Visiting Shrines & Temples in Japan
CONTRIBUTED BY LOUISE DUPUY
The two biggest religions in Japan are Shinto and Buddhism. The former’s place of worship is a shrine; the latter a temple. Whilst these two religions vary somewhat in custom, there are a lot of similarities between them. Shrine and temple visits are an absolute must if you want to experience a big part of Japanese culture, so let me enlighten you on how to get the most out of your experience.
Shrine or Temple?
Sometimes it can be difficult to spot the difference between a Shinto shrine and a Buddhist temple, especially in Japan, where the two religions have fed off each other over the years and amalgamated a lot of their practices. The easiest differences to spot are, of course, visual.
In general, Shinto shrines are entered through a torii, a large gateway that normally consists of two vertical pillars, and two horizontal spans. Some places will have more than one torii (a good example of this is Fushimi-Inari in Kyoto, famous for its over 1,000 torii walk, the senbon torii). These are completely unique to Japan.
Buddhism is a religion found in other parts of Asia, so the buildings can be seen the continent over, of course with slight differences. Both are colourful and beautiful. Both are also free to attend, and are often open at all times for visitors. Shintoism has spiritual beliefs based around the existence of many Gods, Buddhism is centered on Buddha. Another thing you can use to tell the difference between the two is the presence of Buddha statues. A Shinto shrine will not have statues of Deities.
Remember that these are sacred places. Even if you belong to neither religion, when you enter holy grounds you should show the same respect you would show your own religion (if indeed you have one). If people are praying (denoted by palms pressed together, kneeling, soft chanting, or standing peacefully with bowed heads), do not disturb them.
Take pictures and videos, but try not to include worshippers or areas that have “no photo” signs. You don’t have to be silent, but keep noise levels to a minimum (especially important with feisty children!). If you wish to take part in a service, remove shoes before entering the worship area, bow (if a temple, bow to Buddha. This is a sign of respect, it doesn’t mean you revere him as your God), and either take a seat or sit cross legged/on your knees on the floor. When exiting, bow again, and back out if passing a Buddha statue (it’s considered impolite to turn your back on his image). From experience, I’ve found both shrines and temples to be most welcoming and accommodating, so you’ll more than likely have a very pleasant visit.
Both places have interesting customs that you may well see whilst on your visit. Here are a few to look out for:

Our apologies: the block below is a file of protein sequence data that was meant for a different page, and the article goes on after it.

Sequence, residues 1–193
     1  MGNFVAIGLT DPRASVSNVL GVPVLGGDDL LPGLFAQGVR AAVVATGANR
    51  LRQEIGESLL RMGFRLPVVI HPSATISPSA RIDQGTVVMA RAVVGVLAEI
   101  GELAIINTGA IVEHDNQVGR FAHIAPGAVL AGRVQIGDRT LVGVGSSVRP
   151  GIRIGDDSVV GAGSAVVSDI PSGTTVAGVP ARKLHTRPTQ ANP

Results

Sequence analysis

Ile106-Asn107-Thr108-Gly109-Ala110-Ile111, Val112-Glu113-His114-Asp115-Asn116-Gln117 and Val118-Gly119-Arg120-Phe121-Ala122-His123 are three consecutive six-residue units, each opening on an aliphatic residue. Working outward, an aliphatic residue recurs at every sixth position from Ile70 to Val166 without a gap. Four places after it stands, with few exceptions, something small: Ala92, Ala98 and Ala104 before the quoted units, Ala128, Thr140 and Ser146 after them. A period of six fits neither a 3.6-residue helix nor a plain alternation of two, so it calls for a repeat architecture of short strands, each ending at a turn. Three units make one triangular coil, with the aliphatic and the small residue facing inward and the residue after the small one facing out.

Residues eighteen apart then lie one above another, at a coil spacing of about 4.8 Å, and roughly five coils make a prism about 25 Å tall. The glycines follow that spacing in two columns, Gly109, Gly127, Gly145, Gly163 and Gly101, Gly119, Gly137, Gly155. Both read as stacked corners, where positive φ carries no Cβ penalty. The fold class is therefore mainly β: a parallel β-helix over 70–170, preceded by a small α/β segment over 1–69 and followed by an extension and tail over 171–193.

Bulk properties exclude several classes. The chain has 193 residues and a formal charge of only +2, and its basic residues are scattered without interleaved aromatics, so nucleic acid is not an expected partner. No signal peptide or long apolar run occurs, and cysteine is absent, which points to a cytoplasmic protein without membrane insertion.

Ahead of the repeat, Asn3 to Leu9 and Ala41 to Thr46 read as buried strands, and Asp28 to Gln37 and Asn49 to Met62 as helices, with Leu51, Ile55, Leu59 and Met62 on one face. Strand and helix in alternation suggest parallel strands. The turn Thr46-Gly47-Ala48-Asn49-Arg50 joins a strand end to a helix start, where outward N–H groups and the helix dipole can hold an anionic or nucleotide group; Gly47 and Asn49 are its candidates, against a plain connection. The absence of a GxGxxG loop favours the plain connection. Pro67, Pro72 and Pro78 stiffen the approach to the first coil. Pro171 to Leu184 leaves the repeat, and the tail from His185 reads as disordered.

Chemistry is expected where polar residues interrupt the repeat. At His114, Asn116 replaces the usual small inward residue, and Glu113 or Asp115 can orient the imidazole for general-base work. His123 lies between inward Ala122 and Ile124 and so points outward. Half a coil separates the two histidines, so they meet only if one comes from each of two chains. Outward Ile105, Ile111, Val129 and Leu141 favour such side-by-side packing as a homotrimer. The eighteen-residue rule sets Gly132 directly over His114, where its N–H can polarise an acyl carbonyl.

This is a Shinto custom, but can be seen at many Buddhist temples too. Basically, it’s a Japanese wishing plaque. They are wooden, and often come with beautiful pictures on one side. Originally, it was expected of worshippers to donate horses to shrines in order for their wishes to be heard and answered by the Kami (Gods). Of course, horses are expensive gifts! A lot of poorer people would donate horses made of clay, paper, and wood. These were eventually replaced with a wooden plaque adorned with the image of a horse, and has led to modern versions that come in all shapes and sizes. (For example, Fushimi Inari shrine has fox shaped ema’s). These are purchased, a wish is written on one side, and they are hung up at the shrine or temple.
You may notice what appear to be water troughs with ladles at both shrines and temples. These are for purification rituals, known as misogi. Each worshipper will cleanse themselves before taking worship. Everyone is welcome to join. If you wish to give it a go, it works like this:
- Take the ladle in your right hand, scoop water, clean your left hand.
- Swap hands, wash your right hand.
- Swap hands again, pour water into your left hand, and rinse your mouth. Never touch the ladle to your mouth.
- Lastly, use the remaining water to cleanse the ladle by tipping it so water runs down the handle. Replace.
This is slightly different depending on if you are at a shrine or temple. At shrines, step up to pray, clap your hands together twice, then bow your head and silently pray for whatever it is you wish. At temples, you simply step up and place your hands together, no clapping. Some temples have a bell you ring first, but otherwise personal prayer is silent.
These can be purchased at both. Omamori are lucky charms, and they vary depending on the shrine/temple. For instance, if the place of worship has a strong connection to study, then it will have a lot of omamori centred around success and luck in school and exams. Some omamori are purchased to take away, some are left at the shrine. Personal omamori are kept on the person (or in the home or car) for one year, after which it needs to be returned to the shrine and replaced with a new one. Each year the old omamori are burned ritualistically, the belief being that the wishes you have held for the year are returned to the heavens. Examples of omamori left at the shrines/temples would be the aforementioned ema boards, and in the case of temples, incense.
Enjoy your visit to the many shrines and temples of Japan! Explore our many posts about them right here on Okinawa Hai.